20. You can get lost in the trees on many dirt and gravel roads. Beautiful in these remote spots, away from all of humanity.


21. On one of the desolate roads we discovered a graveyard on a hill, anyone can enter by unlocking the gate.


22. Some people may find graveyards unnerving or spooky, but I like them. Especially older ones but most of the burials here were from the 1900's. Real sadness to see the tombstone of a young child. In larger American cemeteries, there's usually a designated spot for child burials.


23. Mountains, sky and wildflowers. A nice combo!


24. I continued onward into the sunset towards the small town of Crossville, home of the world's largest treehouse, which I'll tell you about later.


How about you? Do you prefer big cities or rural areas when vacationing? Many interesting places in Tennessee! I'll tell you all about them next week. Stay tuned...


( 70 comments — Leave a comment )
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(Deleted comment)
Jan. 16th, 2014 02:07 am (UTC)
I've never been to the deep South like Mississippi or Alabama. Necessary to visit this region soon. Tennessee, it's one of my favorite States!
Jan. 16th, 2014 02:31 am (UTC)
Какие интересные вы люди- американцы.И если бы знали, как вас и вашу страну ненавидят многие мои знакомые. А я люблю Америку и трудолюбивый американский народ.
Jan. 16th, 2014 02:42 am (UTC)
I hope you get the opportunity to visit America some day. I love traveling to other countries, but there's a lot of beauty and places in my own country left to explore. Why do your friends hate us? Many people hate America for its foreign policy, but such bad feelings should never be directed toward American citizens. People and politics, almost always separable.
(no subject) - koka_lermont - Jan. 16th, 2014 03:09 am (UTC) - Expand
(no subject) - fareastener - Jan. 16th, 2014 08:08 am (UTC) - Expand
(no subject) - koka_lermont - Jan. 16th, 2014 08:30 am (UTC) - Expand
(no subject) - fareastener - Jan. 17th, 2014 10:57 am (UTC) - Expand
(no subject) - peacetraveler22 - Jan. 16th, 2014 02:06 pm (UTC) - Expand
(no subject) - polnopop - Feb. 13th, 2014 01:03 pm (UTC) - Expand
(no subject) - peacetraveler22 - Feb. 15th, 2014 06:28 pm (UTC) - Expand
Jan. 16th, 2014 02:59 am (UTC)
Nice pictures...Nice town... God bless America.
Jan. 16th, 2014 01:49 pm (UTC)
Thanks! I like it also. Very warm and cozy.
Jan. 16th, 2014 03:27 am (UTC)
Nice.. no mess, no hustle. I like such places
Jan. 16th, 2014 01:50 pm (UTC)
Me too! I prefer such environments over big and crowded cities. If you're a city person, I think you will be bored in almost all of Tennessee.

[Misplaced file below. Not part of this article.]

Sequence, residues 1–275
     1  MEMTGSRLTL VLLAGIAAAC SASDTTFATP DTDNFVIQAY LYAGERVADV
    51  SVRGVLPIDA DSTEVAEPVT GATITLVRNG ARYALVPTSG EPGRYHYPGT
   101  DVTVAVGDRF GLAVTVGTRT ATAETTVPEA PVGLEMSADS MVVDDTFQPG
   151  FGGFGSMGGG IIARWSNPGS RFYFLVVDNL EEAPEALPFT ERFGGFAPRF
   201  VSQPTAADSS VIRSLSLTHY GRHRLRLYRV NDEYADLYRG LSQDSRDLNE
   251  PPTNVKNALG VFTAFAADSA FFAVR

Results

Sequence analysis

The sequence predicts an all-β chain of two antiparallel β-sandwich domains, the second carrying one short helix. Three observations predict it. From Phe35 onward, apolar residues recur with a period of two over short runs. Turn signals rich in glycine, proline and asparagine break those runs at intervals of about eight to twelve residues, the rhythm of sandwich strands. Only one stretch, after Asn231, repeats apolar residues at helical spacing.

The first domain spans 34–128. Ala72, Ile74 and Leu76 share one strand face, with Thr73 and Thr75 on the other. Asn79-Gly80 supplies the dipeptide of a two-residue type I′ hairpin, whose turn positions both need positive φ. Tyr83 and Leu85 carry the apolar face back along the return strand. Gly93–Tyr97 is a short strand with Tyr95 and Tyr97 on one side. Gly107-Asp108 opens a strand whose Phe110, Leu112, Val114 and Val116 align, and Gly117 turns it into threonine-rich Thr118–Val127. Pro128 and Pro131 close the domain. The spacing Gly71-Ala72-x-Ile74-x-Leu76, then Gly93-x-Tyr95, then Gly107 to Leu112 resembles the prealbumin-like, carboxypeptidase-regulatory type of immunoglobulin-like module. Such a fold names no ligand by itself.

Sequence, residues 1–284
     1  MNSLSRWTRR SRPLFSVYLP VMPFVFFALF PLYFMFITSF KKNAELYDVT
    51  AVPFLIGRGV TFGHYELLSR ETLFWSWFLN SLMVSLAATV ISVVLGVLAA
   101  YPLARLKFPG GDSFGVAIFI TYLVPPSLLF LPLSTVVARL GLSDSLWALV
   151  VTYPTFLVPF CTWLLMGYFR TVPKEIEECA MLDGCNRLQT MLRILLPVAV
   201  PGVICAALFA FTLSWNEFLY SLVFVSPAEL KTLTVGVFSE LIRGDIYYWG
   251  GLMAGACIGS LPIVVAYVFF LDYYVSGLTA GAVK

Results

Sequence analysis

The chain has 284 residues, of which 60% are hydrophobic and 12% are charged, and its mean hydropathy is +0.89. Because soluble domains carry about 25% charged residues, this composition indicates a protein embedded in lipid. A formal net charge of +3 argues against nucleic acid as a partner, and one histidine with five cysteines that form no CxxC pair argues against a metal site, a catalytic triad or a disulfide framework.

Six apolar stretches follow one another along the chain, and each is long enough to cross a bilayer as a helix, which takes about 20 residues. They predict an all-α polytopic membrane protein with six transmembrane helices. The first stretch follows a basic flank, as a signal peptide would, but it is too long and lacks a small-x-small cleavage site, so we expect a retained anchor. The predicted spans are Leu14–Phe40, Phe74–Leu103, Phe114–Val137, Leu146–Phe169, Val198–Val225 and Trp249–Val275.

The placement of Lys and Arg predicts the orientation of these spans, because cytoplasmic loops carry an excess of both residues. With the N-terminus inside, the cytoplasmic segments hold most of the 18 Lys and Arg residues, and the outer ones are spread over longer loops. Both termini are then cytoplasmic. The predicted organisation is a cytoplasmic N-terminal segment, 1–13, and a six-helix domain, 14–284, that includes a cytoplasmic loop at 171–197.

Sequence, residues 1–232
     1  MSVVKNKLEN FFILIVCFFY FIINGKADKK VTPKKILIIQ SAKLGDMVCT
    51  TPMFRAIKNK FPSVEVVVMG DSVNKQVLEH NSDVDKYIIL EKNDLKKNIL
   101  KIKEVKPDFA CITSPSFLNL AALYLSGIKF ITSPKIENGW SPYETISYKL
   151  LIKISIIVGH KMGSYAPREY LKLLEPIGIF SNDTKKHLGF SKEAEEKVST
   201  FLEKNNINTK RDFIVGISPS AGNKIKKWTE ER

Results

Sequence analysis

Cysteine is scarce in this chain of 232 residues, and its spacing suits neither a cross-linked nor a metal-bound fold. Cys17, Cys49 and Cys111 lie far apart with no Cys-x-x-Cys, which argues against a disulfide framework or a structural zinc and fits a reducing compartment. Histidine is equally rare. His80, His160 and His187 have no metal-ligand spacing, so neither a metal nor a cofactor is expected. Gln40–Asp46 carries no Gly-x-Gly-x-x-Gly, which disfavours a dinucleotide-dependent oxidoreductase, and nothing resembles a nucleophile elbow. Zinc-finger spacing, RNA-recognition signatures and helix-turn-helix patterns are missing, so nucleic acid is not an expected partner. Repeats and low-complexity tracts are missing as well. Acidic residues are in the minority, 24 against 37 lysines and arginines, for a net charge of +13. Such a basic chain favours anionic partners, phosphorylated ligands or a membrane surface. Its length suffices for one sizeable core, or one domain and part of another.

Jan. 16th, 2014 03:28 am (UTC)

I liked Tennessee, though I can't tell one specific reason why. It was something in the air. I like music, and Nashville had some distinctive fun and party feeling. And the Southern cuisine is lovely (nothing like the North of the US), and the people were relaxed and friendly like nowhere else (not even in a holiday destination like Florida). We had fun chatting with taxi drivers, with receptionist ladies, with waiters and waitresses, and there were so many restaurants and cafes with really good music inside.

I would love to visit it again and to go to Smoky Mountains. I think Smokies are popular because they are really close to very many highly populated areas, and you can take a day trip off there from your home. National Parks of the West are a lot more remote.
Jan. 16th, 2014 02:04 pm (UTC)
I didn't know you traveled to Tennessee! The North and South are VERY different, and it's true what you say about Southern people being extremely friendly. Even I was shocked at how pleasant they are. I think I already showed you one of the big cabins my family sometimes rents in the Smoky Mountains. Definitely worth doing if you have the time. I haven't been to many national parks out West. It's a real goal of mine to drive cross country in the next few years and stop at a lot of them. Happy New Year to you and Maria! :)
(no subject) - moonrainbow - Jan. 17th, 2014 01:32 am (UTC) - Expand
(no subject) - peacetraveler22 - Jan. 17th, 2014 01:12 pm (UTC) - Expand
(no subject) - moonrainbow - Jan. 19th, 2014 07:46 am (UTC) - Expand
(no subject) - peacetraveler22 - Jan. 19th, 2014 04:20 pm (UTC) - Expand
Jan. 16th, 2014 05:15 am (UTC)
Thanks, dear Shannon ! It was great to start vacation morning with coffee and interesting calming essay. I don't know what I prefer, I think it's depend on place and reason to visit.
Jan. 16th, 2014 01:50 pm (UTC)
You're welcome! And what did you eat for breakfast? :)
Jan. 16th, 2014 06:04 am (UTC)
Very interesting pictures. Thanks for sharing!
Jan. 16th, 2014 01:51 pm (UTC)
My pleasure! Most American small towns look similar, but you can always find something unique in each one. I think they look very different from the normal provincial town in Russia (at least the ones I've seen).
(no subject) - evg115 - Jan. 16th, 2014 04:16 pm (UTC) - Expand